Known for her film work, Meryl Streep is going off script to rally for a National Women’s History Museum by the National Mall in Washington, D.C. She’s donated $1 million to the cause, but money isn’t the only requisite. Congressional approval is required for the location.
Explaining her zeal, she told the press that history before the 20th century was written by men and it’s full of holes. “Every child knows the name of our first traitor, Benedict Arnold, but nobody knows the name of the first female soldier to take a bullet for the U.S., who enlisted under her dead brother’s name. Nobody knows Deborah Sampson’s name. That’s a great story. Or Elizabeth Freeman, who was the first slave to sue for her own freedom and won in Great Barrington, Mass.”
Streep has a point. Many women’s stories in history have gone untold – in art history, too.
Male historians of the past have even painted a picture of women as incapable of artistic expression or spiritual insight. In Women and Artearly 20th century historian Karl Scheffler wrote, “In an Amazonian state, there would be neither culture, history nor art.”
Becoming a serious and respected artist in the 17th through the early 20th century was no small task for a woman. As late as 1910, sculptor Anna Hyatt Huntington had her first-place prize revoked when the judges’ discovered she was female.
Not that male art historians are the only culprits in this story. Female historians also have kept their gender down on the farm, so to say. In Sister Wendy Beckett’s art history tome In “The Story of Painting,” she failed to note that Angelica Kauffmann and Mary Moser – who helped found the British Royal Academy – studied life-drawing at the British Royal Academy, along with English greats William Blake, J.M.W. Turner and Joshua Reynolds. Yet Sister Wendy’s exhaustive 721-page history went blank on the subject. She cited a friendship between Kauffmann and Reynolds, but never mentioned that Reynolds was a great admirer of Kauffmann’s work. Sister Wendy barely even noted her work, noting only a small portrait painted on a vase and completely overlooking Kauffmann’s history paintings.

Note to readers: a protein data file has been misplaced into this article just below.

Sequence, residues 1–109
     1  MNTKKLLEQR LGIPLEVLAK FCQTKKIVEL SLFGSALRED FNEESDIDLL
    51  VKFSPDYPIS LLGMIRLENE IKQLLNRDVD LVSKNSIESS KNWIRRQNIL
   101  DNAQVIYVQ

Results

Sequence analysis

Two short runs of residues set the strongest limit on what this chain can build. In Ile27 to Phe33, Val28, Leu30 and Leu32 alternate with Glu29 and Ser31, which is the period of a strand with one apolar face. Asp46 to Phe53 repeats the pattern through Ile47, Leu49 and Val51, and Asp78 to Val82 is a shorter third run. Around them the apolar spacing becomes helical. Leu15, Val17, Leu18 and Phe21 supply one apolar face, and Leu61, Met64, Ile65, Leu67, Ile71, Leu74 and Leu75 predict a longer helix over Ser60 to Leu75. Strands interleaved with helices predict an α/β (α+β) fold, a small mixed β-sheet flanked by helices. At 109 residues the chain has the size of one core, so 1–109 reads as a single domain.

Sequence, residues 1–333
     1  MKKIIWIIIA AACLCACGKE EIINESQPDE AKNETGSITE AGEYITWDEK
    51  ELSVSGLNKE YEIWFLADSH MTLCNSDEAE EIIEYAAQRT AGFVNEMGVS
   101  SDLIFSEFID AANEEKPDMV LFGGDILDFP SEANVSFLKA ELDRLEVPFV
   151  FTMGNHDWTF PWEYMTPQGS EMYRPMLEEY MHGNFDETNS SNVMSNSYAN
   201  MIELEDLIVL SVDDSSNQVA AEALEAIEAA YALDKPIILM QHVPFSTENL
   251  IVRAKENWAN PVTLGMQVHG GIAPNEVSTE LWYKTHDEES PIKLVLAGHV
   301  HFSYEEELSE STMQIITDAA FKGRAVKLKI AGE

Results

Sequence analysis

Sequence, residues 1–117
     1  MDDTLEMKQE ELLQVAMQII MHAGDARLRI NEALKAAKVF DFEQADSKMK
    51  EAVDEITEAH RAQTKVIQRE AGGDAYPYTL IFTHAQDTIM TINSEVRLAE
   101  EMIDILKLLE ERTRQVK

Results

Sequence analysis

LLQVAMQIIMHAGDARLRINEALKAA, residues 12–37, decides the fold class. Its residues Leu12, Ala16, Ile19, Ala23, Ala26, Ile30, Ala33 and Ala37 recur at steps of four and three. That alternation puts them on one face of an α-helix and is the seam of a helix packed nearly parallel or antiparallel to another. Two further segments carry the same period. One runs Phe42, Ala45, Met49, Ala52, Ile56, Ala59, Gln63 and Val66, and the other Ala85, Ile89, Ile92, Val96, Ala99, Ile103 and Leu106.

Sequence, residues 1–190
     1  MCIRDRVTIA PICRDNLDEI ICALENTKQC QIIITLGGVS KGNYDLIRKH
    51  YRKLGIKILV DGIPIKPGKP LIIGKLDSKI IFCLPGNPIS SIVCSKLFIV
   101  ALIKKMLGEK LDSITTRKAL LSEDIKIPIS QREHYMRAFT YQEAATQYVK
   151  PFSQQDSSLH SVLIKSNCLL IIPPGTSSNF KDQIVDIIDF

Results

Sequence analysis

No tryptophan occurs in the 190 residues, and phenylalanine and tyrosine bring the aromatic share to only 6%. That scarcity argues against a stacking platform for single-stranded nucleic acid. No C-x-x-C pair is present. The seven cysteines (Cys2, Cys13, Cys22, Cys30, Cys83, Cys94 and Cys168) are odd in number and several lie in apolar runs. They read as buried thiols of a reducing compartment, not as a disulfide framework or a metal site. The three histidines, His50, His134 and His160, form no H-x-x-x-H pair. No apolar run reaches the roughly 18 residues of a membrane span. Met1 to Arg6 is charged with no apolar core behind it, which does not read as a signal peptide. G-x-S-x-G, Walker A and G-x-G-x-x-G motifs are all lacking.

Sister Wendy is certainly not the only female historian to forget to give Kauffmann and Moser their due. Helen Gardner, who wrote Art Through the Agesin 1926, which went on to become a standard college text, didn’t tell the Kauffmann/Moser story, either.
Then there was female film director and screen writer Agnes Merlet’s inexcusable mangling of history in the 1997 film “Artemesia,” about Artemesia Gentileschi, the first and only female painter of the 17th century to become a member of the Accademia di Arte del Disegno in Florence. According to a 1612 transcript of a public criminal trial, a 17-year-old Artemesia testified under voluntary torture of thumbscrews in order to be believed that her art teacher had savagely attacked her. She was believed and the teacher was jailed for eight months.
But as dramatic as Artemesia’s history was, Merlet invented a different one, reducing this determined young painter to a pathetic lovesick girl and depicting the sex between teacher and student as consensual.
Here’s hoping Streep’s call for the National Women’s History Museum gets heard.